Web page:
Commercial airliners could be “directly or indirectly exposed to ground weapons fire and/or surface-to-air fire” at one of Africa’s busiest airports, the US Federal Aviation Administration (FAA) warned in a new advisory to pilots.
The warning comes amidst continued fighting between Ethiopian government forces and armed separatists in the disputed Tigray region. Earlier this month, the US State Department urged its citizens to evacuate Ethiopia due to the armed conflict and civil unrest.
Non-essential US government employees have already left Ethiopia over safety concerns and fears the already fragile situation could escalate further and with little warning. U.S. citizens still in Etiopia have been urged to get out as quickly as possible using commercial air routes.
Those commercial air routes will likely depart from Addis Ababa International Airport.
The FAA, however, has cautioned pilots that commercial airlines could face the threat of being hit by fire from fighting close to the airport. The agency says there is currently no indication that civil aviation will be deliberately targeted.
The Ethiopian government declared an all-out war against separatists in the contested northern region of Tigray in November 2020 after fighters from the Tigray People’s Liberation Front (TPLF) launched an attack on Ethiopian forces.
Both sides have been accused of horrific atrocities and in recent weeks the TPLF has threatened to march on the capital.
The TPLF and other anti-government fighters “likely possess a variety of anti-aircraft capable weapons, including rocket-propelled grenades, anti-tank weapons, low-calibre anti-aircraft artillery, and man-portable air-defence systems,” according to the FAA notice.
In 2002, an Israeli passenger aircraft operated by Arkia was targeted by Al-Qaeda terrorists with sophisticated surface-to-air rocket launchers as it departed from Mombasa airport in Kenya. The attack ultimately failed but the failure was likely more due to incompetence than weapon malfunction.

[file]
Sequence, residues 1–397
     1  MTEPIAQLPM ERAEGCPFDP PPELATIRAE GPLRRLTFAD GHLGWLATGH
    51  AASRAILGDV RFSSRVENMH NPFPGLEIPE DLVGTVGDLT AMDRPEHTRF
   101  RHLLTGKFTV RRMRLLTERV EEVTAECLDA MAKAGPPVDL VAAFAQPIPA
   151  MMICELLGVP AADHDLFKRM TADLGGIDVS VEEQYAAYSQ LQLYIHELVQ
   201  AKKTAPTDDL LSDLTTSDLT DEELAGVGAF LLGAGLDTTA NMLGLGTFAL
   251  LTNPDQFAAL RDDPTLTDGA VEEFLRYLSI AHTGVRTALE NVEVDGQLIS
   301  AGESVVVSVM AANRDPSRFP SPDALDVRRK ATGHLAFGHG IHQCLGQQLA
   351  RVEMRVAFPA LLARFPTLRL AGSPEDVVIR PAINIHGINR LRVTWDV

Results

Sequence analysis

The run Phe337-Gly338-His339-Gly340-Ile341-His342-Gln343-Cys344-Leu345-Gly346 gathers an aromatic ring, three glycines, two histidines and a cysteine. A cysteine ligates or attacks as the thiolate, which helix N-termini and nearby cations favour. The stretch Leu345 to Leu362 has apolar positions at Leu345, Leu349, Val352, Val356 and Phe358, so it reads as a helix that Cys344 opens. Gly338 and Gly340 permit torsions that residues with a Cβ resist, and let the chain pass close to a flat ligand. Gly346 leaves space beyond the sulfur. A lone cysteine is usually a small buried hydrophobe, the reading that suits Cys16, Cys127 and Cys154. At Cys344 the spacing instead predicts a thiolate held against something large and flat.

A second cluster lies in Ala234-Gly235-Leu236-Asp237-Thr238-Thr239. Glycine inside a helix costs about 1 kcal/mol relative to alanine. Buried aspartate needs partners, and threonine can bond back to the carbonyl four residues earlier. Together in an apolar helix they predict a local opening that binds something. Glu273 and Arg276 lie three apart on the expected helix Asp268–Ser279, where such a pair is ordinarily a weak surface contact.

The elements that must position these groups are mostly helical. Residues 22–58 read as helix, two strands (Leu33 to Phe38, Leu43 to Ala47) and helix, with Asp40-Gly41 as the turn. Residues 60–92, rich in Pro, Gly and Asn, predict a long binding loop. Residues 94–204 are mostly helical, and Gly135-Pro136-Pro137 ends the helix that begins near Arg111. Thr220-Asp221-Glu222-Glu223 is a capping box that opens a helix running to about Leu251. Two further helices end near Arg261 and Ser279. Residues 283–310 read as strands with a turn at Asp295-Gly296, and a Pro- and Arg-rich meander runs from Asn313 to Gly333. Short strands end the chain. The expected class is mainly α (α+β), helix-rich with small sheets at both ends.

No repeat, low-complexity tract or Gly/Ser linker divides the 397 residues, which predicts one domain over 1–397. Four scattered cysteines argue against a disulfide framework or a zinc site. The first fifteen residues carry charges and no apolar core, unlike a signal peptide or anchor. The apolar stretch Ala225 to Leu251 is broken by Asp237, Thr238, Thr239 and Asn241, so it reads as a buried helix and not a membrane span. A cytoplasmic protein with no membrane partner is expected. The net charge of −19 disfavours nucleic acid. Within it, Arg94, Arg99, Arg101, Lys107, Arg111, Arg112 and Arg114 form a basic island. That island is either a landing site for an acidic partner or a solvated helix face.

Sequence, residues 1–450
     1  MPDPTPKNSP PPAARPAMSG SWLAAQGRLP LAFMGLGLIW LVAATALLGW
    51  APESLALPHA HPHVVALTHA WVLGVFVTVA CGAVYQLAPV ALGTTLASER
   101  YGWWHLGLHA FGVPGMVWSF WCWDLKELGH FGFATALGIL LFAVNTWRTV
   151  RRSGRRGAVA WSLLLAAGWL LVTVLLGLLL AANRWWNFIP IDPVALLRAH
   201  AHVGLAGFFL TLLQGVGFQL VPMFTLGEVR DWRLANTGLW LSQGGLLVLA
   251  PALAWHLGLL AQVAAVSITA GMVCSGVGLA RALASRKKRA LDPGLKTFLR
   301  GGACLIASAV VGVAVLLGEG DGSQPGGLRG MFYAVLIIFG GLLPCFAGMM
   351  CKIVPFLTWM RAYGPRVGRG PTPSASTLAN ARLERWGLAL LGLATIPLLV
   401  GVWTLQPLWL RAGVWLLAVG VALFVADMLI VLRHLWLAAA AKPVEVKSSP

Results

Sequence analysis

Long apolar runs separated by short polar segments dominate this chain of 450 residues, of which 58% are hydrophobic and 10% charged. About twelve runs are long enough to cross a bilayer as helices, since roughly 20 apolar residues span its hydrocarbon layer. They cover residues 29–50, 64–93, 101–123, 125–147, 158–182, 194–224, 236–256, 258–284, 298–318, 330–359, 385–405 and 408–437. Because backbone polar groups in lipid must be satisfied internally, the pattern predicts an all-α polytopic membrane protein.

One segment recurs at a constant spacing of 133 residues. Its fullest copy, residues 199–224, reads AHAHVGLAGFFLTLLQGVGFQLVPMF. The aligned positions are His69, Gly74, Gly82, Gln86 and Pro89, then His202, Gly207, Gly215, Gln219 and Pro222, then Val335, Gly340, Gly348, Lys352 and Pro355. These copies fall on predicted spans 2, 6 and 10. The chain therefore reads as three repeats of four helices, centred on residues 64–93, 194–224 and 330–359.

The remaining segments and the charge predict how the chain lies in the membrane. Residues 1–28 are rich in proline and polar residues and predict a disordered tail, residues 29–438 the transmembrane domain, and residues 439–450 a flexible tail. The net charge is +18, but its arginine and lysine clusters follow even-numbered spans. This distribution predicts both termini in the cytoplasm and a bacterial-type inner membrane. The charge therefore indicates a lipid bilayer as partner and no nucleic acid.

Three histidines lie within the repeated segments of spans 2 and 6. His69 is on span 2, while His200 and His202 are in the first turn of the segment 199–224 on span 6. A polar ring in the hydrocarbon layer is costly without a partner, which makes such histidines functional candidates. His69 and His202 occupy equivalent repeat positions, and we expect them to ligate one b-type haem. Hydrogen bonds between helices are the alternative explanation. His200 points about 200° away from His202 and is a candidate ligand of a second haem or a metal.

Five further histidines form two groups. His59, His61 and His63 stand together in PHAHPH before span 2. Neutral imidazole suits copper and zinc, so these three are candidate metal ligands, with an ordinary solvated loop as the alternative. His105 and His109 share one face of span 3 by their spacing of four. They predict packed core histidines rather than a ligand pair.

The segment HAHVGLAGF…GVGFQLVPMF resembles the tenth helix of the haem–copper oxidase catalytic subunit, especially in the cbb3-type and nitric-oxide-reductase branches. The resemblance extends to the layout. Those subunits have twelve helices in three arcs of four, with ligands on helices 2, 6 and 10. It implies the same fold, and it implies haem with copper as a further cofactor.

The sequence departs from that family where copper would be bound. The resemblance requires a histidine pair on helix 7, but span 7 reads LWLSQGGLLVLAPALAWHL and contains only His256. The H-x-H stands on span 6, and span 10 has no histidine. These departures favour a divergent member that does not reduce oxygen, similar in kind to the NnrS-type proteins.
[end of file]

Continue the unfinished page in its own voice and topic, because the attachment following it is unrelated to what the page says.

Sophisticated weapons jammers are occasionally deployed at major international airports in response to increased terror threats. It is not known whether the Ethiopian government possesses these systems.
In recent years, Addis Ababa has become Africa’s largest and busiest airline hub and the state-owned Ethiopian Airlines is described as “the jewel of Africa”. The airline has been implicated in transporting weapons and ammunition in the ongoing conflict – a charge that Ethiopian Airlines strenuously denies.
No U.S. airlines currently flies to Addis Ababa.
Mateusz Maszczynski honed his skills as an international flight attendant at the most prominent airline in the Middle East and has been flying throughout the COVID-19 pandemic for a well-known European airline. Matt is passionate about the aviation industry and has become an expert in passenger experience and human-centric stories. Always keeping an ear close to the ground, Matt's industry insights, analysis and news coverage is frequently relied upon by some of the biggest names in journalism.